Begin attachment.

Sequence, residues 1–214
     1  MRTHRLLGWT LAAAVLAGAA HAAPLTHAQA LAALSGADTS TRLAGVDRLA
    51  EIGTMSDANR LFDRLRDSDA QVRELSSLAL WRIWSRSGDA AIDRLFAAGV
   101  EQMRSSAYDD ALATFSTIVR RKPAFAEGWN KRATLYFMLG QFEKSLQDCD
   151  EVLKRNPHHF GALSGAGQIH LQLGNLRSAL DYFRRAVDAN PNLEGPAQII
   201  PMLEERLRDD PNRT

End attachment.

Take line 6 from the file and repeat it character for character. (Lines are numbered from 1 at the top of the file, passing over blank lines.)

   201  PMLEERLRDD PNRT